The projections for life on earth are bleak: At the current rate, one million known species could go extinct by 2050. On Dec. 7, diplomats from nearly every country will convene in Montreal for a ten-day summit on biodiversity conservation, trying to find ways to reverse that trend.
The biodiversity crisis has one thing in common with the climate crisis: Policymakers are pushing to monetize the solutions and make private companies pay.
In a Dec. 5 paper published, economists at the International Institute for Environment and Development (IIED), a UK think tank, and the UN Development Program expressed support for the nascent market for “biocredits.” The idea is that conservation groups—nonprofits or for-profit companies—working to protect ecologically important habitats or thwart biodiversity loss could convert their efforts into tradable credits. These could be purchased by companies, institutional investors, or individuals with an interest in supporting conservation or fulfilling a sustainability mandate—just as carbon credits offer a way to invest in projects that cut emissions.
Biocredits, the paper argues, “could provide an option to encourage stronger private sector financial flows” toward the overall cost of preventing further loss, which the Nature Conservancy estimates at nearly $1 trillion per year by 2030, $824 billion more than is currently invested by public and private entities globally in conservation.
Today, the biocredits market is almost nonexistent. But interest is picking up, according to a September report by Credit Suisse. And the IIED paper highlights three startups in Africa and South America that are workshopping methods to create and sell biocredits.
Biocredits could avoid the biggest pitfall for carbon credits
In theory, creating a carbon credit is easy: One ton of carbon emissions either avoided or pulled from the atmosphere equals one credit. The metrics for biocredits are murkier, and must somehow reflect the lives saved of flora and fauna in some unit of geographic space.
One of the startups cited by the IIED paper “defines a unit of biodiversity as a 1% increase or avoided loss in the median value of a basket of metrics, per hectare.” The “basket” would change depending on the specific ecosystem, and could include things like the number of endangered species present in that area, or the number of individuals from a certain species present there. More research into those methods is needed before biocredits can take off, the paper cautions.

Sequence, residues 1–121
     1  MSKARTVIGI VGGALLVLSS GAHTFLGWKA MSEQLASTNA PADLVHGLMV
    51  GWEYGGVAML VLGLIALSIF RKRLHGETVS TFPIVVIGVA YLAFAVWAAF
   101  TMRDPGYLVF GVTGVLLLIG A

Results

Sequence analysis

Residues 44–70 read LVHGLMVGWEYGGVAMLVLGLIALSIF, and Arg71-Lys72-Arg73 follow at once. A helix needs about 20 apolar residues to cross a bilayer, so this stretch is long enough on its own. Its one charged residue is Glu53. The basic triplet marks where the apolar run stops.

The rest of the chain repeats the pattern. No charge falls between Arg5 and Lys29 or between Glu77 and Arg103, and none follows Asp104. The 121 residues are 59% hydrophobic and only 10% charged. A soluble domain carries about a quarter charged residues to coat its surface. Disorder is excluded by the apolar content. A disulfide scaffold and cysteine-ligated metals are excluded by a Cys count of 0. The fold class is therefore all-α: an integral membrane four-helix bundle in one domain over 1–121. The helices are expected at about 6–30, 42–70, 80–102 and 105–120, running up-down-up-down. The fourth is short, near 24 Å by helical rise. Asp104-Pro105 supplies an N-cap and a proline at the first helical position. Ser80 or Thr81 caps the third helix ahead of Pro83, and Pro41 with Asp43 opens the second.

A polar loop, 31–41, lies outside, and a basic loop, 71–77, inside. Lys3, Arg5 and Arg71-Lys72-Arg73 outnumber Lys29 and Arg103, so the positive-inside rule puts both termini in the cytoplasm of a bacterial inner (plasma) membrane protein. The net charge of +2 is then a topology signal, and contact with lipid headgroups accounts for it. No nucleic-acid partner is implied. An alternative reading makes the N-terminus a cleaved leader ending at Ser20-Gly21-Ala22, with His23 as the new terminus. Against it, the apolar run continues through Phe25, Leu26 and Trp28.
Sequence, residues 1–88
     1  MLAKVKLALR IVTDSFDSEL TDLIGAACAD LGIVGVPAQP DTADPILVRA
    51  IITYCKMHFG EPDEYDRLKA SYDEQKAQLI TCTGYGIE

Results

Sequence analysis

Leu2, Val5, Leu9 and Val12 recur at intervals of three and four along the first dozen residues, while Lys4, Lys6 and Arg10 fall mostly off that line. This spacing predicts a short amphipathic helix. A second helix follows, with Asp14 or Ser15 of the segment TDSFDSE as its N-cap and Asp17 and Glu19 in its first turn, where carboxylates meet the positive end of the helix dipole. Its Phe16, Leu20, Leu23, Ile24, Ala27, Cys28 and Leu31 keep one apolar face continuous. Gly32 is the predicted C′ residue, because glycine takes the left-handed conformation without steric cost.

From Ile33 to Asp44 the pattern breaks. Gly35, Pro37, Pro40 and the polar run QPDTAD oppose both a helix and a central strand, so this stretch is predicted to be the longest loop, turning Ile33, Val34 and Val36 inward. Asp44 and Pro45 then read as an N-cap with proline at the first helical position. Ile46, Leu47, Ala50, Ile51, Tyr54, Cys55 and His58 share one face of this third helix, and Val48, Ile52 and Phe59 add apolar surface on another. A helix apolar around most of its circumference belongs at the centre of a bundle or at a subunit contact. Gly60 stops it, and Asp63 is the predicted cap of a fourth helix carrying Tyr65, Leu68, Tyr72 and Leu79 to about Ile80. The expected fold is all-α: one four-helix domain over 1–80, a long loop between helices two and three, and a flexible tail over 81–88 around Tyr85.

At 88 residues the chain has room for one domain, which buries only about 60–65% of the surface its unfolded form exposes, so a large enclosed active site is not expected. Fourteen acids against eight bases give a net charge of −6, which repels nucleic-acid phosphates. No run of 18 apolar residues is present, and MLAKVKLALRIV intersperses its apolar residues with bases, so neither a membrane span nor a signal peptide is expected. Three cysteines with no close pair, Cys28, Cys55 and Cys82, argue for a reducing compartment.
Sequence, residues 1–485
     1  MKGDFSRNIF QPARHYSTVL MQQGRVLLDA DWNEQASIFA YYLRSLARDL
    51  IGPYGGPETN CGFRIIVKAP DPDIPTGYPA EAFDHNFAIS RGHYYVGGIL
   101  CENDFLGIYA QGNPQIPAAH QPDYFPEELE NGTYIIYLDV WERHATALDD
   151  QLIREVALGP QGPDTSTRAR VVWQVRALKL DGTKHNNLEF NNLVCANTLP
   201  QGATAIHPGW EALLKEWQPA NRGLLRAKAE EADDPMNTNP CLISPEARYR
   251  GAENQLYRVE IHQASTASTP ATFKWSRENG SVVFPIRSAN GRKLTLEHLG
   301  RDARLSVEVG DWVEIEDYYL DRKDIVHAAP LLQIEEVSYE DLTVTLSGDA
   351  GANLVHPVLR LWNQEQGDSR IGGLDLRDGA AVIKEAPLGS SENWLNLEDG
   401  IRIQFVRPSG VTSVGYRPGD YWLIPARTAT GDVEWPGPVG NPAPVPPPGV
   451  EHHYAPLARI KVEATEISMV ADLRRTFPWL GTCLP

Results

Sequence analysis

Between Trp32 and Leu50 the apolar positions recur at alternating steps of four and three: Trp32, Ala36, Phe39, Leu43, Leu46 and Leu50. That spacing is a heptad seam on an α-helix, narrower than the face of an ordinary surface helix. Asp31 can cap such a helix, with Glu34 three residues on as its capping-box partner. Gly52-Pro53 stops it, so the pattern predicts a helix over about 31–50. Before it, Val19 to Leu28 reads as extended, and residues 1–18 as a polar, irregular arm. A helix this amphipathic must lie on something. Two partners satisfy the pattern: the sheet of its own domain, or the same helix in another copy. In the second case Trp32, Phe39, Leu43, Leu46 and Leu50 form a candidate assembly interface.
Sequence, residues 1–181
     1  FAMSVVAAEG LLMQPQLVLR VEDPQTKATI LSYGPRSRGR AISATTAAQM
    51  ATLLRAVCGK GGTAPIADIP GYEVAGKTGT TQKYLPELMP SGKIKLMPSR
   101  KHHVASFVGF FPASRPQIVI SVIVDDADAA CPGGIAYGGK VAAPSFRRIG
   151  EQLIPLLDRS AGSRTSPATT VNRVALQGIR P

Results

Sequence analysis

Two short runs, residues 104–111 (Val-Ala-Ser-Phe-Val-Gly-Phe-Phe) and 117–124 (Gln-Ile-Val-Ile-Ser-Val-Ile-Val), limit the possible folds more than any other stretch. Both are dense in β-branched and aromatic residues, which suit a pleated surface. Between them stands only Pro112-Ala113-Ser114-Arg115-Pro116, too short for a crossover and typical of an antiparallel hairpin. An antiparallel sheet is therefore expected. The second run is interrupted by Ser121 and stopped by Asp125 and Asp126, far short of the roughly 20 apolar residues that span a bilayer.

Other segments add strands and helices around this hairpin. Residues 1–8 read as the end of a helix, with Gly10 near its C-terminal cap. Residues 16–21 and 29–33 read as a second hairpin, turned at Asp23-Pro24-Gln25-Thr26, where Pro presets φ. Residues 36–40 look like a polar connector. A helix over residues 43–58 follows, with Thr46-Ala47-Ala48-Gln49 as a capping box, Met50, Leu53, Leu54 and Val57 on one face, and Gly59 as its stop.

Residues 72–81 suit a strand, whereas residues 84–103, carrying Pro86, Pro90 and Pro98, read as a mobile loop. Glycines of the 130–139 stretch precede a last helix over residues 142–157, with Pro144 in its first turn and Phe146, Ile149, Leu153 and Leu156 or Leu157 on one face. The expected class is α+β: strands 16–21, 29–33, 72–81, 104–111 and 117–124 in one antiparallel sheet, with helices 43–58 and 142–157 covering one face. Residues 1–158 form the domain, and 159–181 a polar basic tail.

In another way, though, biocredits are simpler than carbon credits. Carbon is essentially fungible—a ton emitted in the US has the same impact on the global climate as a ton emitted in Kenya—so carbon credits have frequently been traded and marketed as “offsets,” with the assumption that the buyer is free to pollute as long as they buy a compensatory number of credits. That assumption leads to all kinds of sloppy accounting, double-counting, and greenwashing, with the upshot that the carbon market hasn’t been effective at driving down total global emissions, which is ultimately the point.
How do biocredits work?
Biocredits, in contrast, are clearly not fungible. No one can argue that it’s fine for a company to bulldoze a forest in the US as long as it pays for conservation in the Amazon. In other words, biocredits cannot be used as “offsets.” Buying one doesn’t give the buyer any right except to say, “I supported conservation.” As a result, biocredits avoid much of the bad-faith math that has discredited the carbon market.
Nevertheless, not everyone is keen on the idea of biocredits. In an open letter published in November, more than 100 academics and environmental groups cautioned against the development of a biocredit market, because it “promotes a meaningless monetary valuation of nature” and could be construed as a replacement for environmental regulation. The IIED paper also recommends that any biocredit trading system should include the views of indigenous communities and others living in the area being conserved.
Still, the biggest test for the biocredit market will lie in how many buyers step forward. The strategic allure of offsetting, dubious as it is, has driven rapid growth in the carbon market. When the incentive to participate is merely altruism, rather than a cover for environmentally damaging corporate behavior, buyers may line up around the block. If they were so inclined, in fact, biocredits likely wouldn’t be needed in the first place.